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Ramadan: Muslim's Month of Excitement and Family Gatherings


The month of Ramadan approaches and even the Muslim of weakest faith jumps for joy at the thought of all the excitement and family gatherings.

Funny how people always think of Muslims struggling and dying of thirst during Ramadan, but few really understand the extreme excitement that Muslims experience during the Ramadan holiday. The closer Ramadan gets, the more excitement grows among devout Muslims.

Like many other religions, Islam involves a belief in angels; an angel plays a major role during the period leading up to Ramadan.According to Islamic belief, Ramadan is a time when Angel Gabriel will come to earth and shake the hands of Muslims who are successful in completing Layalat al-Qadr. Muslims eagerly anticipate the month of Ramadan, as they imagine the thrill of that moment when they encounter an angel who has six hundred wings and a wing span that reaches as far as the eye can see. In Islam, it's believed that this creation of Allah appears to Muslims with one message:"Well done, oh servant of Allah."

What Can a Muslim Expect During Ramadan?


Visions of Angel Gabriel aside, what else elicits excitement among Muslims as they worship and fasting during the month of Ramadan? Millions of Muslims will be running to do as many good deeds as possible during this period of time. In Islam, it's believed that Allah will reward the fasting person with many blessings and rewards; for Muslims, seeking the ultimate pleasure of Allah is indeed the goal.

Ramadan also features lots of food and family gatherings for meals the mark the end of each day's fast. It's believed that anyone who feeds a fasting person will receive the same reward as the person who receives the meal. So there are many family gatherings and many occasions when the Muslim will be invited to partake in the breaking of fast with others.

 

Good Deeds Increase the Excitement of Ramadan


For Muslims, one of the most exciting elements of Ramadan involves giving to charity and doing all sorts of good deeds. There is the required zakat (charity for the needy) that must be provided by Muslims each year, but many will do more than the bare minimum. Zakat is calculated based on the amount of money, silver and gold that's held for one year.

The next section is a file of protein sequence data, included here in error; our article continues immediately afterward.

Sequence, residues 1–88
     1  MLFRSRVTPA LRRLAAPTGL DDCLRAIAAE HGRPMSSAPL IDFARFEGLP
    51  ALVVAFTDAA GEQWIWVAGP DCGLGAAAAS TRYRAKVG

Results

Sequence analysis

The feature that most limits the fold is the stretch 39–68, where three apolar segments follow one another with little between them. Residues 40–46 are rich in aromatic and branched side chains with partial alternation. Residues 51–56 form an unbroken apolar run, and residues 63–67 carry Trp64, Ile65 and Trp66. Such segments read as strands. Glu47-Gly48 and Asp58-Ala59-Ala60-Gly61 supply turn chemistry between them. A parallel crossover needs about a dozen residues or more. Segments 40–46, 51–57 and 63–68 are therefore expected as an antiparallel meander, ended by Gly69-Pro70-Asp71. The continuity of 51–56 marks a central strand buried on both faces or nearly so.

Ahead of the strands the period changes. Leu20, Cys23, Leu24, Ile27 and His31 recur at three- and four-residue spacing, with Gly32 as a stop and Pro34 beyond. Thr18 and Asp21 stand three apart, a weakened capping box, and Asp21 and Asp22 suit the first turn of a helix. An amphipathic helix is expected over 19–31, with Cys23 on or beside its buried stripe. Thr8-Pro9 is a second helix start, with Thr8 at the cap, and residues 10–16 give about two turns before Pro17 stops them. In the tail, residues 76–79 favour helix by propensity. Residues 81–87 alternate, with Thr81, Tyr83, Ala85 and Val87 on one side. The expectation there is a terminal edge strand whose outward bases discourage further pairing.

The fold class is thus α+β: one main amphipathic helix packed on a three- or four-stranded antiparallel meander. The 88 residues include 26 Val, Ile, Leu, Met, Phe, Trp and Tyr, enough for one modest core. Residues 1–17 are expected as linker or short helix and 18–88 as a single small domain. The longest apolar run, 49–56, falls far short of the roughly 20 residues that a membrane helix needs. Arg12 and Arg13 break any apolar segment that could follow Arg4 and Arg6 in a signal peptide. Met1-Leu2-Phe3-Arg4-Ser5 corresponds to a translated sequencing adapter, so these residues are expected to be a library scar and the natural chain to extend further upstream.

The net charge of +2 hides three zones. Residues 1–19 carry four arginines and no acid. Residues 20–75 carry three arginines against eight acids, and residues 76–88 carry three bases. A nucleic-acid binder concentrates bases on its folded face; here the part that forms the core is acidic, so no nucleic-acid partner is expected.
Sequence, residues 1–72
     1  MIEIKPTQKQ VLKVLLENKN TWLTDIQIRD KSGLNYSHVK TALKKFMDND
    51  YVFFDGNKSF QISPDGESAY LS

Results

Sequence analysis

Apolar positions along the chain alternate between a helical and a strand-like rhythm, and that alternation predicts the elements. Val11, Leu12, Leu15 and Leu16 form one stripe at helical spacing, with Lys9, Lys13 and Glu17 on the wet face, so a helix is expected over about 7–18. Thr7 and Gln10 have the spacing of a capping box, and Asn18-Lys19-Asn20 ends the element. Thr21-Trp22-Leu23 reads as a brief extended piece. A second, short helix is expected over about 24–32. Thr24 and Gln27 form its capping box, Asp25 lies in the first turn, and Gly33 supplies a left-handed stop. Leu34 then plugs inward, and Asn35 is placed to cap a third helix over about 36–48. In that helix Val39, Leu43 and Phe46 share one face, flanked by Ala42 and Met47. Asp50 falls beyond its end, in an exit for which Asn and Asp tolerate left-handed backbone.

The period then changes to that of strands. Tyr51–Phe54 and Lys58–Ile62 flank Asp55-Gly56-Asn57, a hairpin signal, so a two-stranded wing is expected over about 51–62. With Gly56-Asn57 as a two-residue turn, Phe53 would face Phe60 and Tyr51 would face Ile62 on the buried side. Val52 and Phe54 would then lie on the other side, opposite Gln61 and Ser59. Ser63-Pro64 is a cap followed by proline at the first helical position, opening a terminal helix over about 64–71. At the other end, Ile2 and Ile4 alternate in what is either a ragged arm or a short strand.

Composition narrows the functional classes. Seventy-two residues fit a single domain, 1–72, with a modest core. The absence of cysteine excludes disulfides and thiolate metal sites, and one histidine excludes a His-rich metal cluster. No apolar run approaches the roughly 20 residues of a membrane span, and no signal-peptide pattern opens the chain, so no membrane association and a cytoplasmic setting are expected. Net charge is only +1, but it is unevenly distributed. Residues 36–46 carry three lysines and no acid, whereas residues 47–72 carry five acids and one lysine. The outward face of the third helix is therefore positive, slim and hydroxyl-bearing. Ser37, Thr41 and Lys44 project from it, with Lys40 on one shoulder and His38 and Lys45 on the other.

Over and above the required 2.5% zakat, is charity or "sadakah" which is also given to the poor and needy. Muslim families often compete with each other to see who can contribute the most to the needy within the community. In Islam, the silent charity is regarded as the best form of giving. It is also considered ideal to give all sadakah directly to the poor person. The purpose of sadakah is to ensure that the poor and the needy can enjoy Ramadan, along with the the more financially stable and wealthy individuals.

For many Muslims, there are few experiences that surpass the joy and excitement of witnessing the face of a Muslim who receives a gift, like a package of food or money. The month of Ramadan is a time of fellowship and unity among members of the Islamic community.

Family Gatherings at Ramadan


Although all family gatherings bring excitement and joy, they do cause many fasting Muslims to feel over-stuffed and lazy; it's comparable to the feeling that many Americans experience following a large Thanksgiving dinner. So while it may be tempting to relax following a meal and gathering, Muslims believe it's important to keep up with religious activities like late night prayers and other forms of worship. It is also forbidden to overeat after a day of fasting as this would take away from the reason for fasting. Fasting is intended to serve as a reminder that there are those who must go without food and other necessities.

While many Muslims are invited to family gatherings, it is each person's responsibility to return the favor. So many Muslims make plans to invite loved ones over for a dinner that is specifically prepared to reap the reward that they believed Allah has promised. It's believed that when inviting others over for a dinner to break the fast, the host should present a plentiful meal with a few delicacies so as to make the fasting person say a dua (supplication) for the host.

 

Sending Free Ramadan Cards to Family and Close Friends


The internet has served as a way to increase the excitement of the blessed Ramadan season, as Muslims can now send e-cards via the web. By simply a click of a button or mouse, a card is sent to all loved ones. Flashing and shinning Ramadan cards showing mosques, crescent moons and stars. It is indeed part of the excitement of Ramadan to send everyone a greeting card. Here are some links to make the job easy:
For the Islamic community, Ramadan and all of the associated excitement is regarded as a gift from Allah. Ramadan is a month of fasting, prayer and giving praise to Allah, The Creator. Muslims believe the reward is heaven, having sins forgiven and the future meeting with Allah.